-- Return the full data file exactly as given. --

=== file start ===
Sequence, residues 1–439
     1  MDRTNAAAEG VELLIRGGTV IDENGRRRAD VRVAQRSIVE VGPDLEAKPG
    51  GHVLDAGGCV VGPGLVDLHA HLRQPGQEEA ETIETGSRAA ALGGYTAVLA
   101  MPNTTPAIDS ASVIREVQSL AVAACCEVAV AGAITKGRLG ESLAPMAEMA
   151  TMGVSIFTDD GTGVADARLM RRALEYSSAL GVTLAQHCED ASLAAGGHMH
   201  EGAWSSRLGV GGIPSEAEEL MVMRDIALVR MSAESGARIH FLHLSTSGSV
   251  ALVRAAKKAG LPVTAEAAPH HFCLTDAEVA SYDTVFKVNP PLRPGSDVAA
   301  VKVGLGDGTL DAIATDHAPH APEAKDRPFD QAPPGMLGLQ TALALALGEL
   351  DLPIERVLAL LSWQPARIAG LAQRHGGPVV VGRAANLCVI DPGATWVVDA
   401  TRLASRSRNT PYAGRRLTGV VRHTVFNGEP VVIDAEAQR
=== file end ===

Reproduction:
Sequence, residues 1–439
     1  MDRTNAAAEG VELLIRGGTV IDENGRRRAD VRVAQRSIVE VGPDLEAKPG
    51  GHVLDAGGCV VGPGLVDLHA HLRQPGQEEA ETIETGSRAA ALGGYTAVLA
   101  MPNTTPAIDS ASVIREVQSL AVAACCEVAV AGAITKGRLG ESLAPMAEMA
   151  TMGVSIFTDD GTGVADARLM RRALEYSSAL GVTLAQHCED ASLAAGGHMH
   201  EGAWSSRLGV GGIPSEAEEL MVMRDIALVR MSAESGARIH FLHLSTSGSV
   251  ALVRAAKKAG LPVTAEAAPH HFCLTDAEVA SYDTVFKVNP PLRPGSDVAA
   301  VKVGLGDGTL DAIATDHAPH APEAKDRPFD QAPPGMLGLQ TALALALGEL
   351  DLPIERVLAL LSWQPARIAG LAQRHGGPVV VGRAANLCVI DPGATWVVDA
   401  TRLASRSRNT PYAGRRLTGV VRHTVFNGEP VVIDAEAQR